Armstrong’s talk was titled “Data Models vs. Knowledge Models” and he stressed to the audience the importance of thinking about the forecasting process as much as the model. The process and systems-based approach to forecasting is hard to find fault with. Taleb’s criticism was more narrow and largely focused on the perils of forecasting financial markets and the economy. Accurately forecasting these types of complex, dynamic systems is extremely difficult and the stakes can be VERY high. He repeated stern warnings to any forecasters operating in fat-tailed domains, “The bad news for Machine Learning is that if you are in a fat-tailed domain, you still have no hope.”
This early level-setting was helpful in forcing all remaining discussion to be carried out with a healthy dose of skepticism. Understanding when forecasts can add value, and when they become an liability is critical. Relying on quantitative models to predict financial markets is much more difficult than forecasting retail product demand, where the convexity of outcomes is (usually) much more muted.
I could be wrong, but I didn’t get the sense that the the M4 Competition or conference drew much interest from forecasting practitioners. To be honest, the depth and topic of most discussions would have likely only been of interest to the geekiest of business planners. But despite the academic nature of the event, from a practical perspective, there was much to learn. The creative ways that machine learning could be used to improve forecast outcomes was fascinating.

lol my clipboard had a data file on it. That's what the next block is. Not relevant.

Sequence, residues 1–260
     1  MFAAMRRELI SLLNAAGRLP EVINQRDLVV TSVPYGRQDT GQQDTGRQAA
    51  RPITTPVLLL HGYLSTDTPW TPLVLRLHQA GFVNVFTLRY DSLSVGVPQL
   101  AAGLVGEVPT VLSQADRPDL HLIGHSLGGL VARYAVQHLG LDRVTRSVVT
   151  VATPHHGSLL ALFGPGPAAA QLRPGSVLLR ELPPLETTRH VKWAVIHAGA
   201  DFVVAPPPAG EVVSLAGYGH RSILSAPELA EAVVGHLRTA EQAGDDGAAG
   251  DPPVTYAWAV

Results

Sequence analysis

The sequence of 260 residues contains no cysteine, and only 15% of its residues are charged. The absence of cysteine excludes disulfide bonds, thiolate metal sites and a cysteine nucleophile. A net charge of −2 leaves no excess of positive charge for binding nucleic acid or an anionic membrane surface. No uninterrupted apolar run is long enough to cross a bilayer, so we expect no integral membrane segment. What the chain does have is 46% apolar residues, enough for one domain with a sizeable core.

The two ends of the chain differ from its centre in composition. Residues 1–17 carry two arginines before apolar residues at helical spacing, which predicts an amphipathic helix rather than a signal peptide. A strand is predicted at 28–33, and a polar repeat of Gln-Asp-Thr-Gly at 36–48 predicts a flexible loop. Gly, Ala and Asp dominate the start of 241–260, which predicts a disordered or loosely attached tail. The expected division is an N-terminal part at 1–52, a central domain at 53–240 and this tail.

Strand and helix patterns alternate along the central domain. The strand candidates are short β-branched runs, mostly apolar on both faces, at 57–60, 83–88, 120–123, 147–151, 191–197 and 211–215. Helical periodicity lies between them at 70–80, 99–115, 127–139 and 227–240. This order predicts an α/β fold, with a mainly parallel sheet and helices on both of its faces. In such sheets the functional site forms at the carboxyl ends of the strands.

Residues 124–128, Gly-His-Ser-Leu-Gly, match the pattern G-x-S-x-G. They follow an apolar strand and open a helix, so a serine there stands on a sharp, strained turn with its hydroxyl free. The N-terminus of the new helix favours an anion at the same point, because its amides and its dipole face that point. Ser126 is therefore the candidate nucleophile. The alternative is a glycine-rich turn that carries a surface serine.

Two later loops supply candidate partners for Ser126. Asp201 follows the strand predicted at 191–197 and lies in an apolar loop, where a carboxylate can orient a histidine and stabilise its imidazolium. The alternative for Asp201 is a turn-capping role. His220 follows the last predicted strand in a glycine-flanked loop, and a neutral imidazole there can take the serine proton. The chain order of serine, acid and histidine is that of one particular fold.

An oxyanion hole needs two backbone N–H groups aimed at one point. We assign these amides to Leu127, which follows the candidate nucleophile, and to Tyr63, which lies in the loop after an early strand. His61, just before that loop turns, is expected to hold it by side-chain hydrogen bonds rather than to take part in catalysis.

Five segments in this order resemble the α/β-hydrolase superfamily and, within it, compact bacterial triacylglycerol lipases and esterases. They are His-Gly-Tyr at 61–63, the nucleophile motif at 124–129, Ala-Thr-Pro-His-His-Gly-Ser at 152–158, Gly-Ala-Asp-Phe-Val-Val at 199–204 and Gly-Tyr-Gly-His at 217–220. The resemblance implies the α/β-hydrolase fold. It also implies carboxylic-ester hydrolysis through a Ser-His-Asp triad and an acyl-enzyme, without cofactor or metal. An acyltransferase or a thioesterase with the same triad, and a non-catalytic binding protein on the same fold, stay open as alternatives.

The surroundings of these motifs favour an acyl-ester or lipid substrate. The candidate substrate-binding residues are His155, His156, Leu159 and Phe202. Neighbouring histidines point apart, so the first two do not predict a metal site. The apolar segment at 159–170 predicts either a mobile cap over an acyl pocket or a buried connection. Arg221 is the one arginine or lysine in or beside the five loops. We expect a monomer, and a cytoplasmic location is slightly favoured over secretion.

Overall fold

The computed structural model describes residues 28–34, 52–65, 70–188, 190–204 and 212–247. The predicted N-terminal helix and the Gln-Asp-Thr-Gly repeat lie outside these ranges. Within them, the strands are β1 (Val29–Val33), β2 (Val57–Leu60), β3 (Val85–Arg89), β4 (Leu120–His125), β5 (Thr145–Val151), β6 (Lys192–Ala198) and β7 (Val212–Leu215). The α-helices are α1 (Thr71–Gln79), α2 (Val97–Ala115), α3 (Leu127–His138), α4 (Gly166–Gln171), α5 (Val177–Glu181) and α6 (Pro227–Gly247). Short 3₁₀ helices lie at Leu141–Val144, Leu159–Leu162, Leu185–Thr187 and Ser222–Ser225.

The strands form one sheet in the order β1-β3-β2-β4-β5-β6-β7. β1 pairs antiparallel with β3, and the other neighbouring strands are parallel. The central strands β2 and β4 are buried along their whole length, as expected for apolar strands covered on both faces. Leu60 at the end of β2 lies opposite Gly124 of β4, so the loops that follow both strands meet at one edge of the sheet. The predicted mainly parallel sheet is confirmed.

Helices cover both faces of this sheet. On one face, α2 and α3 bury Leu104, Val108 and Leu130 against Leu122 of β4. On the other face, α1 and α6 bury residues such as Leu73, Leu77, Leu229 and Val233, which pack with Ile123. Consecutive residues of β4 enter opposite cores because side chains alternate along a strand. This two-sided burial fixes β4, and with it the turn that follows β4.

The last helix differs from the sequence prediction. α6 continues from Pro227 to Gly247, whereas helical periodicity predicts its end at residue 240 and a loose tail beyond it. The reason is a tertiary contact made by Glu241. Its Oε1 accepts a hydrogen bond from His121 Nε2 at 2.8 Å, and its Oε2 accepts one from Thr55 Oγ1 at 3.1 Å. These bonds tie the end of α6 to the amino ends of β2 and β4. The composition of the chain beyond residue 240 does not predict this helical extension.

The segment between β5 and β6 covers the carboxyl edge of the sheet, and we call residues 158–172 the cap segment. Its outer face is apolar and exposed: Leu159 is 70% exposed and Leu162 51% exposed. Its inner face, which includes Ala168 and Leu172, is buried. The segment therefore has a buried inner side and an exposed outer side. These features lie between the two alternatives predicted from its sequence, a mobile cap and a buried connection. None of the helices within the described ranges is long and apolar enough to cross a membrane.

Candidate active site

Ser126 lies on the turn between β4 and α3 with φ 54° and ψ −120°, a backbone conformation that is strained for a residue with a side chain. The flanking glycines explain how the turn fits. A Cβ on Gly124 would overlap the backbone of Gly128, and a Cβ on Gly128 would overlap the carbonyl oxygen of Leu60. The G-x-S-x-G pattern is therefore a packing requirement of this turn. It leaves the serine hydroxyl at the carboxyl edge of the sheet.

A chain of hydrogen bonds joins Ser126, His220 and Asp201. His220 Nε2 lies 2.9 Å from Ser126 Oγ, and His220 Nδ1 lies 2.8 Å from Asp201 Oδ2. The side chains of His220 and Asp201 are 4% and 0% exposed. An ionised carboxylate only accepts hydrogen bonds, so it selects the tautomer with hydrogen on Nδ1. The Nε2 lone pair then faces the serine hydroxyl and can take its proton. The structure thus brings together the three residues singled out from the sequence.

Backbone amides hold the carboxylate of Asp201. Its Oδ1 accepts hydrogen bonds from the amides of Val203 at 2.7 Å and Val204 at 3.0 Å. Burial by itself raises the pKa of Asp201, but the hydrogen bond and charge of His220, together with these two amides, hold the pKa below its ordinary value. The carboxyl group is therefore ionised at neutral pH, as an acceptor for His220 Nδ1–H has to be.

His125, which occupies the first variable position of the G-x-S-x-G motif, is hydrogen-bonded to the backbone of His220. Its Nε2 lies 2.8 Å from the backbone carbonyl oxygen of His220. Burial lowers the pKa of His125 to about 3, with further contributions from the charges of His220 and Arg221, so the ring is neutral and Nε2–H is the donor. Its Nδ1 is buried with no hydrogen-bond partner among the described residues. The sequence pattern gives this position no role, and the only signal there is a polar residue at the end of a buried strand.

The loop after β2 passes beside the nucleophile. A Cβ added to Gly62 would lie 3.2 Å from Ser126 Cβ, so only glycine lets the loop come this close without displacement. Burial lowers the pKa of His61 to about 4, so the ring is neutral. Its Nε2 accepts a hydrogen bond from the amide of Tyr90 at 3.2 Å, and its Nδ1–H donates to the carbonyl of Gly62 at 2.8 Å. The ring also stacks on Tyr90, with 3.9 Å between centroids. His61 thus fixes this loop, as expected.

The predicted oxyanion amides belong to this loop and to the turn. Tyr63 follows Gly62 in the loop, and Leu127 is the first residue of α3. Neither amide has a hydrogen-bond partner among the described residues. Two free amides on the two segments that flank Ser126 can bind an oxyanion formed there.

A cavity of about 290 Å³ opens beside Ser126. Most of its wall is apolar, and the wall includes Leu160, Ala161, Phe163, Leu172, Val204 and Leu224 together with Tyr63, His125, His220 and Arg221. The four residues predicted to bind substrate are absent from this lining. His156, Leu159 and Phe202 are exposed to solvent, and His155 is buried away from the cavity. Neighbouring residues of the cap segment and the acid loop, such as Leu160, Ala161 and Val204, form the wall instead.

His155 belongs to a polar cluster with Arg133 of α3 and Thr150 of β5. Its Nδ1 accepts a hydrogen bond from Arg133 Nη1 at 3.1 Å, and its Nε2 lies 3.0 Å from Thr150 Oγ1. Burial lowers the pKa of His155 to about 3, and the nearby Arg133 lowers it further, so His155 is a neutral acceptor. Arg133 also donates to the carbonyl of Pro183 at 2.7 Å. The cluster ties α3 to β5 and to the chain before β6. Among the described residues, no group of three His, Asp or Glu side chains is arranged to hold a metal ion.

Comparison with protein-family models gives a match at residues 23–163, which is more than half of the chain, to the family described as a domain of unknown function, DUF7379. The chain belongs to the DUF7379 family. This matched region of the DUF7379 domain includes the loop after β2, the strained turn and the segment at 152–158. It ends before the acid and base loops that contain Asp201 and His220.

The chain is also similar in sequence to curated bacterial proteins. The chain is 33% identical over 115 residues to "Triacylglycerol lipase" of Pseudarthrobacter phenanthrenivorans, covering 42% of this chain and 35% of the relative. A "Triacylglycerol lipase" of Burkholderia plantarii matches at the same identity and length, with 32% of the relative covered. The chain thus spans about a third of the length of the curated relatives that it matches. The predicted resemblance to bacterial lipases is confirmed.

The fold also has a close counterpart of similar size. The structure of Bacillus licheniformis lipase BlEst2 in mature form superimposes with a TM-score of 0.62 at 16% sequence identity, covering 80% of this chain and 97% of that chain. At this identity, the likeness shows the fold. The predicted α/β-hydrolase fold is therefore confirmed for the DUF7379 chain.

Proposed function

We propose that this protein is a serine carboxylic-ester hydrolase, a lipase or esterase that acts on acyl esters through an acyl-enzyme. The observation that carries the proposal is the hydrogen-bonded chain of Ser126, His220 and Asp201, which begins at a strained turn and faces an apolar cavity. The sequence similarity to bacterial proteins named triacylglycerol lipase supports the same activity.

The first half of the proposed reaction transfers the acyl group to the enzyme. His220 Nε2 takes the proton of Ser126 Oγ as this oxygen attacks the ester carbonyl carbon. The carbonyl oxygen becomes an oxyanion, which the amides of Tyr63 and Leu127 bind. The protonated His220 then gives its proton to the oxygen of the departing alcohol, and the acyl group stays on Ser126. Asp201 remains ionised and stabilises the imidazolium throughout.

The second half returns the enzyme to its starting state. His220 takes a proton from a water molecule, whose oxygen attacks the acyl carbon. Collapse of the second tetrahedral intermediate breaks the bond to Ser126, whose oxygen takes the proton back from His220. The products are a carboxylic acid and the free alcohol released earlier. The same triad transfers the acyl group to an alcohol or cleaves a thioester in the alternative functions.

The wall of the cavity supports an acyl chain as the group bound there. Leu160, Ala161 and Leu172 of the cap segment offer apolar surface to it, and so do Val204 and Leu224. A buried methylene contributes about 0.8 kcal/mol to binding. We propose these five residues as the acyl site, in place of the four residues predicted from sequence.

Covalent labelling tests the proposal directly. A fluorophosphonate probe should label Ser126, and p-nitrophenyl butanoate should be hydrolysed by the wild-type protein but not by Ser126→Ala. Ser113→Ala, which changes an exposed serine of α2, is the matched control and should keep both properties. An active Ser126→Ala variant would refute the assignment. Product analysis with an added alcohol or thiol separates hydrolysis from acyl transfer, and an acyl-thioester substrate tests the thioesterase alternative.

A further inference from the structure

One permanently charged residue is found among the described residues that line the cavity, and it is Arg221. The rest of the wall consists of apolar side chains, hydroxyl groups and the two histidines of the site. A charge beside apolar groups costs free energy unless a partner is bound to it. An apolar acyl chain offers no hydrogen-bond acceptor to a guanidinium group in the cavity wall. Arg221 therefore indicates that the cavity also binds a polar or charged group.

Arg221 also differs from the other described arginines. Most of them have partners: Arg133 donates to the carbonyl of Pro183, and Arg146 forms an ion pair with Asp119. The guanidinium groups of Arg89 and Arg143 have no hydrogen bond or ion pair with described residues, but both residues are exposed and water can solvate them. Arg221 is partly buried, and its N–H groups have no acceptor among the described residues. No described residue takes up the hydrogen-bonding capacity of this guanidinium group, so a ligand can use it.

Despite the richness of forecasting research, I still sense a general hesitancy to leverage even the most basic statistical techniques for forecasting within many organizations. At the conference, there was no shortage of discussion around improving forecast model accuracy, but very little discussion on how to improve the accuracy of forecasts practitioners are willing to submit! The question then becomes, what can be done to increase the willingness of practitioners to leverage the research that comes out of events like the M4 competition? This is something I’ve spent a lot of time thinking about recently and a topic worthy of blog post on its own. There is no easy answer.
Personally, I thought the M4 Conference was incredibly interesting. The willingness of everybody in attendance to engage in discussion and thought-sharing was in invaluable experience.
The involvement of companies like Google, Amazon and Uber as sponsors of the M4 event will undoubtedly garner additional interest and increased visibility for quantitive forecasting in years to come. At the risk of research not fulfilling its potential, I think it is important for the community to think deeply about how to effectively bridge the gap between research advancements and the business applications. When implemented thoughtfully within a system, quantitative forecasts have the potential to add huge amounts of value to a business.
Kudos to the entire forecasting community to coming together for this event. At the end of the event the M5 Competition was announced. Details were limited but for the first time the competition will have a focus on causality. Exciting stuff! I’m looking forward to following along!